From the start, in a former project named VirtualSign, we have investigated the bidirectional translation between Portuguese Sign Language and written Portuguese. It became clear that the ability of technological solutions to empower deaf people with effective communication facilities could be improved to address the translation between different national sign languages. The VirtualSign project observations led us to adapt the VirtualSign translator to European sign languages. This work was performed under the I-ACE project, a strategic partnership co-funded by the Erasmus+ program. A demo of the VirtualSign translator can be found here.
Under the frame of VirtualSign and I-ACE projects and the results that were transferred to the society by these initiatives, we have been discussing communication issues with the deaf communities from several European countries and Brazil. This extensive contact with the European deaf communities gave us a good perception of their reality.
Deaf students experience difficulties in communicating with non-deaf as well as with other deaf students from different nationalities due to the different languages used by both. Communication among deaf students through written text is not effective since deaf people are used to visual sign languages and not to oral languages being expressed orally or in written. Providing channels for the communication and access to digital educational materials in a common sign language that all deaf students can understand is critical to facilitate the access of deaf students to education and promote their inclusion in the globalized society. All sign languages are different despite sharing common characteristics. A key difference is that in the world of oral languages, English has become a de facto lingua franca which enables global mobility and active citizenship worldwide to all. Deaf communities may have similar opportunities if they have access to a globalized sign language. This sign language, named International Sign, exists but it is not commonly used except in big international congresses and global events, like the World Federation of the Deaf and COINES.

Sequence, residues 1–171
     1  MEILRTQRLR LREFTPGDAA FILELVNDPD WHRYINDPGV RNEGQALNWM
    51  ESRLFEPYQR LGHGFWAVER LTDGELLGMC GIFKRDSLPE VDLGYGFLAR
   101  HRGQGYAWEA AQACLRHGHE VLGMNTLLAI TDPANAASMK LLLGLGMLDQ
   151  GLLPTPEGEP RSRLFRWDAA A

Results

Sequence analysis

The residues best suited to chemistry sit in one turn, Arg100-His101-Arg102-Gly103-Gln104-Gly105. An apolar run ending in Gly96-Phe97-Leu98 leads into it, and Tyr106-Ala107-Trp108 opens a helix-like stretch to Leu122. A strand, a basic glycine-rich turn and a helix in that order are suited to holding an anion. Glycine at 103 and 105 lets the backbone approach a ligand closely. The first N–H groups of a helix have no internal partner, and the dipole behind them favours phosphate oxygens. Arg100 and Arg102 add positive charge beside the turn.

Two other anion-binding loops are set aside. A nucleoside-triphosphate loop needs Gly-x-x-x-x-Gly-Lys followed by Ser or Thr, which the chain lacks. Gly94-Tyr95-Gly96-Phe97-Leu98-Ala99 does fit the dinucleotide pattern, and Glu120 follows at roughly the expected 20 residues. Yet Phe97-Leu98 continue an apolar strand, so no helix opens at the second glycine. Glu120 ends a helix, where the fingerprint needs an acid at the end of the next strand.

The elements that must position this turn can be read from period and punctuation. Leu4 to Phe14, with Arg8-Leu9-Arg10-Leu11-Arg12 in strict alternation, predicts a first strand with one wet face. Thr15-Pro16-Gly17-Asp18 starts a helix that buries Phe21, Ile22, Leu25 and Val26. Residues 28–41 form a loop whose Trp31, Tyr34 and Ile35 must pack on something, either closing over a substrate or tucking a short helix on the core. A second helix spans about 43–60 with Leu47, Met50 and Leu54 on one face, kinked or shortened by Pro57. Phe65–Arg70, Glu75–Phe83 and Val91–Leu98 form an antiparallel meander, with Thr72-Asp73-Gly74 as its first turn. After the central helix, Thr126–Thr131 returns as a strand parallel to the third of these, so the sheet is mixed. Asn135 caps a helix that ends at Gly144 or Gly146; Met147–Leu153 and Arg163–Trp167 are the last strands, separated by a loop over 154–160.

Our previous experience with the international deaf community clearly showed that deaf communities are very much closed in themselves. Except for a few cases, deaf students rarely contact other deaf and even less non-deaf people outside their family and close friends. This castrating isolation they are forced to live in is one of the main causes for the very frequent mental diseases and depression observed in young deaf students. Raising awareness and promoting a preliminary contact with International Sign, at an early age in a school environment might be a significant contribution to open the global world of education and mobility to the deaf community. This is our purpose. InSign will transfer the research results from these former projects to the international scene.